Additional Sessions Judge Kamini Lau, while hearing Azad’s bail petition, and arguments over his call for protests and dharna near Jama Masjid, asked: “What is wrong with dharna? What is wrong with protesting? It is one’s constitutional right to protest.”  She further asked: “Where is the violence? What is wrong with any of these posts? Who says you cannot protest? Have you read the Constitution?”

“In the colonial era the protests were out on the roads. But your protest can be legal, inside the courts,” she further said. “Inside Parliament, things which should have been said were not said and that is why people are out on the streets. We have the full right to express our views but we cannot destroy our country.”

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While granting bail to accused, the judge said: “…for the judges, legal persons and offices under the Constitution, the Constitution is a sacred document and if this is correct, then reading this document cannot prima facie be taken as incitement. The Preamble of the Constitution is a brief introductory statement that sets out the guiding purpose, principles and philosophy of the Indian Constitution.”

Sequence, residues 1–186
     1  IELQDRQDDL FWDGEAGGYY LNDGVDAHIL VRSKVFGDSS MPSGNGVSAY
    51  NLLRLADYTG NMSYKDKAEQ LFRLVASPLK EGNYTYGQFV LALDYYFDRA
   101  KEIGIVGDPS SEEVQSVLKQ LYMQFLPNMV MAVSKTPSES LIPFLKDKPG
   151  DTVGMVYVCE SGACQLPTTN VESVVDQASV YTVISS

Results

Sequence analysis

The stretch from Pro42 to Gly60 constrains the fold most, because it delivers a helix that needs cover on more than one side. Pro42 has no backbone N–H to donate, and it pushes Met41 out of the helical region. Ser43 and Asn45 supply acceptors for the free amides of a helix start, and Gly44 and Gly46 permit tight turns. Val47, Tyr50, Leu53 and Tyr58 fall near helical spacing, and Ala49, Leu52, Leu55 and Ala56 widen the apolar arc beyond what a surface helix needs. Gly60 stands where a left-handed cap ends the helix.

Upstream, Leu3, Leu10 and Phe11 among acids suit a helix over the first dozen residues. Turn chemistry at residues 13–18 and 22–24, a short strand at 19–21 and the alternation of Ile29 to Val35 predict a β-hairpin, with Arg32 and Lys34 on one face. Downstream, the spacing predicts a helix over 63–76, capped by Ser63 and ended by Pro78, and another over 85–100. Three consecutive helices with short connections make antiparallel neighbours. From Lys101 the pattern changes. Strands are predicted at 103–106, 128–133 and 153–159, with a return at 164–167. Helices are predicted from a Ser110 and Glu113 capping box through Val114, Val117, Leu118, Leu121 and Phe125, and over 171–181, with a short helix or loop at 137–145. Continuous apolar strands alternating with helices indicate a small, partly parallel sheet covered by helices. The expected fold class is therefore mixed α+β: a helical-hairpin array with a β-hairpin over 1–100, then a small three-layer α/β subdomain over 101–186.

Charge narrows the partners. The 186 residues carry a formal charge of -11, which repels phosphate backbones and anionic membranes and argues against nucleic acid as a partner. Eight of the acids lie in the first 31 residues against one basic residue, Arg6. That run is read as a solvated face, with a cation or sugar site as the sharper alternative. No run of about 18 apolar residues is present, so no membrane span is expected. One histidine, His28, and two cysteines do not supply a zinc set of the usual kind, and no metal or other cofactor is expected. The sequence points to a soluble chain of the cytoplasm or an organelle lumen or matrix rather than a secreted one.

She went on to state that during the Colonial Era, when the British followed the policy of ‘divide and rule’, Ravindra Nath Tagore had visualised a nation where there is no fear in the minds of the people, and education and enlightenment are attained by all. She then quoted from Tagore’s poem, Where the Mind is Without Fear.

Government-led celebrations

The Centre has now realised the ‘potential’ of the Preamble and started campaigning for it. Amid the ongoing Azadi ka Amrit Mahotsav event being organised across the country to celebrate the 75th year of Independence, the Centre has directed all the ministries and departments to “put up a Preamble wall in their office premises and submit their action-taken report to the (concerned) ministry “.

In fact, the celebration of Constitution Day was started in 2015 by Prime Minister Narendra Modi, at the Central Hall of Parliament. On November 26, 2020, then Union Minister Prakash Javadekar inaugurated the Preamble wall at the premises of the Ministry of Environment, Forest and Climate Change.  The same year, the Department for Promotion of Industry and Internal Trade, as well as the Department of Personnel and Training, and several other ministries also unveiled Preamble walls.